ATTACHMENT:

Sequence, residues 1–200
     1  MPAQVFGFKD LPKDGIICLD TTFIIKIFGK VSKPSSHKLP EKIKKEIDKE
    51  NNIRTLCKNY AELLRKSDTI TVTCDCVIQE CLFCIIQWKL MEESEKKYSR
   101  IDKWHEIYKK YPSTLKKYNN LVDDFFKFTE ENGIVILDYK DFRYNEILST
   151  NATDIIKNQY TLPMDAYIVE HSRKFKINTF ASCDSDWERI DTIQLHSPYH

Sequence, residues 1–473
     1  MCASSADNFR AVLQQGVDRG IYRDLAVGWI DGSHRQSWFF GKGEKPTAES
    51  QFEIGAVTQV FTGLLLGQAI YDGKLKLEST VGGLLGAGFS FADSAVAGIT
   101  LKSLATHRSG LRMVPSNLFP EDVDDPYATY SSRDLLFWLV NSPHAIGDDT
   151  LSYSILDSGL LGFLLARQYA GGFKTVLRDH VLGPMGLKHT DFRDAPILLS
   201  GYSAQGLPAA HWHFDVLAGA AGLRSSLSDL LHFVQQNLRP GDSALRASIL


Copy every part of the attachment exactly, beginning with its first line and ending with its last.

Sequence, residues 1–200
     1  MPAQVFGFKD LPKDGIICLD TTFIIKIFGK VSKPSSHKLP EKIKKEIDKE
    51  NNIRTLCKNY AELLRKSDTI TVTCDCVIQE CLFCIIQWKL MEESEKKYSR
   101  IDKWHEIYKK YPSTLKKYNN LVDDFFKFTE ENGIVILDYK DFRYNEILST
   151  NATDIIKNQY TLPMDAYIVE HSRKFKINTF ASCDSDWERI DTIQLHSPYH

Sequence, residues 1–473
     1  MCASSADNFR AVLQQGVDRG IYRDLAVGWI DGSHRQSWFF GKGEKPTAES
    51  QFEIGAVTQV FTGLLLGQAI YDGKLKLEST VGGLLGAGFS FADSAVAGIT
   101  LKSLATHRSG LRMVPSNLFP EDVDDPYATY SSRDLLFWLV NSPHAIGDDT
   151  LSYSILDSGL LGFLLARQYA GGFKTVLRDH VLGPMGLKHT DFRDAPILLS
   201  GYSAQGLPAA HWHFDVLAGA AGLRSSLSDL LHFVQQNLRP GDSALRASIL